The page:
LOS ANGELES (AP) _ A businessman who gave $400,000 to the Republican Party is a political mystery in California, with an office he hasn't visited in six months and no apparent ties to local Republicans.

Michael Kojima, identified in state records as the president of International Business Marketing Ltd., was among the contributors invited to Tuesday night's President's Dinner, the GOP's premier fund-raising tool.

Kojima made two $200,000 contributions to the Republican Party, one on March 6 and the other March 18, according to Federal Election Commission records.

President Bush presided over the biggest political fund-raiser in history, a glittering Washington dinner that brought in $9 million as contributors paid top dollar to rub elbows with the administration's elite.

The minimum contribution for the President's Dinner was $1,500 per person. Kojima was foremost among the contributors, and sat at the head table along with the president and Barbara Bush.

The receipts included large amounts from corporate sources prohibited by law from contributing directly to candidates. They may legally give money to the political parties as long as the money does not go directly to federal campaigns.

Such corporate contributions are known as soft money.

Also in that category are large contributions to the parties from individuals, who are permitted by law to give no more than $1,000 directly to a candidate.

Bush today defended the GOP dinner and current rules on political fund- raising, saying the event was ''a huge success and everything complied with the law. So, don't buy into that old theory by the liberals that are trying to ram through government financing on everything.''

Rich Galen, spokesman for the President's Dinner, said that Kojima described himself as ''an investor in international consortia for large projects around the world'' such as airports.

Galen said he decided to question Kojima after reporters raised questions. He said Kojima was a ''newcomer'' at this level in the contribution process. He didn't get too detailed ''because you don't cross-examine a guy'' who is potentially a huge fund-raiser.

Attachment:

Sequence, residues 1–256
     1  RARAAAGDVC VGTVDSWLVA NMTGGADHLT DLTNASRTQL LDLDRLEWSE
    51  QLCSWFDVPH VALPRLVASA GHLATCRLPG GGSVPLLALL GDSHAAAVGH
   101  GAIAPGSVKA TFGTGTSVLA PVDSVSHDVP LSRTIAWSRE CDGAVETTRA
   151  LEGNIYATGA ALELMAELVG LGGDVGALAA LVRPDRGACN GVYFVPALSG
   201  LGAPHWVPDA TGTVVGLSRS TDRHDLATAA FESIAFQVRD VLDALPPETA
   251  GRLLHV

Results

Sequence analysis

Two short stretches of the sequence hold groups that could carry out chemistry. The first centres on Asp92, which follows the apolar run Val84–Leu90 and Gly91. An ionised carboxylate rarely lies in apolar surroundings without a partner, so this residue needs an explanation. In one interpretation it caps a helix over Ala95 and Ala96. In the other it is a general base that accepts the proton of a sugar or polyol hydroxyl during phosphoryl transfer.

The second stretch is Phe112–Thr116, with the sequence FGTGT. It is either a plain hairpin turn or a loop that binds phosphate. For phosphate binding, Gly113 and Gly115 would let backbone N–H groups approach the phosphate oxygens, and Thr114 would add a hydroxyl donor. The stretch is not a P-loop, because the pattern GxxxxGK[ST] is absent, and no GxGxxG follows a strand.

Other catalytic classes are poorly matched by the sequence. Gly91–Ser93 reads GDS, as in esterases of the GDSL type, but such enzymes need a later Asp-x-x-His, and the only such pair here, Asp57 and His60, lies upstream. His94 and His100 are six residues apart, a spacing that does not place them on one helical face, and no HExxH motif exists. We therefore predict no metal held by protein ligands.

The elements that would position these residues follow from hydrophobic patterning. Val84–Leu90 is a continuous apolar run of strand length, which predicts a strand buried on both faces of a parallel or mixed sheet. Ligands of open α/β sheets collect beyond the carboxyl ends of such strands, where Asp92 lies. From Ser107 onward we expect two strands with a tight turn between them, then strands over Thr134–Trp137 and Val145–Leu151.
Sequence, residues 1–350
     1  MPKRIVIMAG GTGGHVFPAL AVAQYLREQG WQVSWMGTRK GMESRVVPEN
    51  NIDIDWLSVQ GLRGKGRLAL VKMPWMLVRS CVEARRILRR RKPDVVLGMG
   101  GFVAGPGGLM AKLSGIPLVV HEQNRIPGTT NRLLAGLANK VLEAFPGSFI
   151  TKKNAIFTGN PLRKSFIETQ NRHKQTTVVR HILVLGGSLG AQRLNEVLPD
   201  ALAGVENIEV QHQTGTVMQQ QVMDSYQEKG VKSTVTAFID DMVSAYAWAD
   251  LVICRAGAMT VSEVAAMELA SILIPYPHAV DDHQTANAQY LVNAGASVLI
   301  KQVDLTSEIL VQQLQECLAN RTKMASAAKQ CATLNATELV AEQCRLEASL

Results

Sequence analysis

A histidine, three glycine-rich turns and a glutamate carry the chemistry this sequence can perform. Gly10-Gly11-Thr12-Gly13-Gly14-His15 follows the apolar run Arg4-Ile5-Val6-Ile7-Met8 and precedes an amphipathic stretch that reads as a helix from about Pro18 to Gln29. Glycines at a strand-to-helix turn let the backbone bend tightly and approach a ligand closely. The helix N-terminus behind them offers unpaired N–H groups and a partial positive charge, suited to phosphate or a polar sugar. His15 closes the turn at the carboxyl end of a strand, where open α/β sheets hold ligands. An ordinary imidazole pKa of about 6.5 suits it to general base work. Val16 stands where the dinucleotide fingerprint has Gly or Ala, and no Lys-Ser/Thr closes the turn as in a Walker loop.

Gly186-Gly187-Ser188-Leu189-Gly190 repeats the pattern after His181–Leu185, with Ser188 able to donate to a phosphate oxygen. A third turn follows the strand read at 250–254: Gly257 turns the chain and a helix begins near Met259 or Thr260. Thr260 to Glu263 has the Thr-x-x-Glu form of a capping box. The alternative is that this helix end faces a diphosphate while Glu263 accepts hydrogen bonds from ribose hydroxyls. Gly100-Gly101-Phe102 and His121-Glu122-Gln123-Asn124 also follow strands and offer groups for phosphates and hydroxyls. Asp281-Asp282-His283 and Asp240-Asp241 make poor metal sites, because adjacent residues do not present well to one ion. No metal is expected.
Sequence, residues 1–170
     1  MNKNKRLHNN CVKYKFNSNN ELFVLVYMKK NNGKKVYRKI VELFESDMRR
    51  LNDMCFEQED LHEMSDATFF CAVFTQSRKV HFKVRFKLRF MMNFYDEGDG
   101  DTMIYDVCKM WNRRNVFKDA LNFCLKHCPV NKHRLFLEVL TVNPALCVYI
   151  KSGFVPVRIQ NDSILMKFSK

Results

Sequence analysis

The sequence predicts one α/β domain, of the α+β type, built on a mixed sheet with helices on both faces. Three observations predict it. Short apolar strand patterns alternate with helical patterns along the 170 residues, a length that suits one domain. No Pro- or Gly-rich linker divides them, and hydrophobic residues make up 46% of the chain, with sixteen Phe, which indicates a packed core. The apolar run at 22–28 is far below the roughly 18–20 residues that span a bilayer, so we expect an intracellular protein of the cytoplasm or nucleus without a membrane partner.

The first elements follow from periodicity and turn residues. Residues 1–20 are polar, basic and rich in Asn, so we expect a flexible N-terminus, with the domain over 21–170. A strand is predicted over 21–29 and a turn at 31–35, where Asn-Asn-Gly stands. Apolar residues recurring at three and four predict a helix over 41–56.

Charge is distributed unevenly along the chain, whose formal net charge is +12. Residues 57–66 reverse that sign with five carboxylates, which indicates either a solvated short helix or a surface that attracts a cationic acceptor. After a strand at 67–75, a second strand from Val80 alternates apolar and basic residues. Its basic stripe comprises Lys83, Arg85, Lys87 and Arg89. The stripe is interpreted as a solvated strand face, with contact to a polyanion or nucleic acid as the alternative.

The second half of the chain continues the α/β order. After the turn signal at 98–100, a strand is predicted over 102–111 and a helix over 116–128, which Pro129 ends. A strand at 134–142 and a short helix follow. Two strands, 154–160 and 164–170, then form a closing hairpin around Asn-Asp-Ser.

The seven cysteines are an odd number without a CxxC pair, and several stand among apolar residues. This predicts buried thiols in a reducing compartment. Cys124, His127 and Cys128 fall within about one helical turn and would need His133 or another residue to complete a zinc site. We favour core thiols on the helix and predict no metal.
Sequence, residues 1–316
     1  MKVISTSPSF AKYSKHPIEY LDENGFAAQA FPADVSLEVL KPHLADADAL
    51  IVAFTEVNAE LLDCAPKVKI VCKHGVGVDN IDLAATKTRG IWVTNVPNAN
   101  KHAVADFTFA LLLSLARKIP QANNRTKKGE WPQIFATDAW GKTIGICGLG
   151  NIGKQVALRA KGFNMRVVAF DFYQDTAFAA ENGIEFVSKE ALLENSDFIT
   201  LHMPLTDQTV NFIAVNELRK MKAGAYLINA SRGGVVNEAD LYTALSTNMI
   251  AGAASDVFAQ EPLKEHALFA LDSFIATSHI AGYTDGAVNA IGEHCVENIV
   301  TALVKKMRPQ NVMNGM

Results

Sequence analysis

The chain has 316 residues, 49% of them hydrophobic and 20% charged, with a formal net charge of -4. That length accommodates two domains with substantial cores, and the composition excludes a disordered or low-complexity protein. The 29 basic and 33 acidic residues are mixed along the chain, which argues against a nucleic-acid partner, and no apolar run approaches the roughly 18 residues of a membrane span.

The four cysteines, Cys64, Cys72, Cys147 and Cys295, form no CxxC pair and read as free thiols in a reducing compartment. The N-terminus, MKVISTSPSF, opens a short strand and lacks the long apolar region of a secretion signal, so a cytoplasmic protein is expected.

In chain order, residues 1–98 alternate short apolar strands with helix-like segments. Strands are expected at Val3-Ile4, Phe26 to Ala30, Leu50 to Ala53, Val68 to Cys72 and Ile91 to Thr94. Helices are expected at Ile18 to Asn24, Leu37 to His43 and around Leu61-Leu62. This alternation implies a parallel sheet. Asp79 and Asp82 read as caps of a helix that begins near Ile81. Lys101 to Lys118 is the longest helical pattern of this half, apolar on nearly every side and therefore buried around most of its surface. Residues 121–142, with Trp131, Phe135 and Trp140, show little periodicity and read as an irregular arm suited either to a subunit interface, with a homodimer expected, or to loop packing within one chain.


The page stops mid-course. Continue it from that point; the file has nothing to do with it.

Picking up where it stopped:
Galen said Kojima was a U.S. citizen.

In California, interviews with more than a dozen Republican and Democratic insiders failed to produce a single person who has ever heard of him. A computer search of local newspaper stories from the last two years also failed to produce Kojima's name.

International Business Marketing is listed by the state Secretary of State's office as a Wilshire Boulevard business consulting firm incorporated on June 27, 1990.

Secretary Lil Vasquez answered the phone at the Wilshire Boulevard office and said that Kojima rents an office from her law firm, Cummings and Pantaleo, but he is never there.

Vasquez said she didn't know Kojima's business. He has no employees working in the office and he used to call in for messages, she said.

''We haven't heard from him in six months. We thought he was out of the country,'' said Ms. Vasquez.

The Los Angeles County Registrar of Voters gives Kojima's voter registration address as being on Montana Avenue in the tony Brentwood section of Los Angeles.

But a woman answering the phone at that address, who identified herself only as Katie, said the address was not Kojima's home, but the office of a business run by Kojima's wife.

The business is Academic Recruit Corp., or ARC, which places Japanese students at all levels in schools around the United States, said Katie.

There is no listing in the California Secretary of State's office for a company by that name. Companies that are incorporated or limited partnerships must be registered with the state.

Among the political insiders who drew a blank on Kojima were state GOP spokeswoman Lorelei Kinder; Dan Schnur, a former state GOP spokesman and now a spokesman for Gov. Pete Wilson; big Los Angeles political contributor Richard Riordon; aides to Democratic politicians Rep. Mel Levine and Assemblyman Tom Hayden; and two top officials with the Bill Clinton presidential campaign, national Chairman Mickey Kantor and California campaign manager Geoffrey T. Gibbs.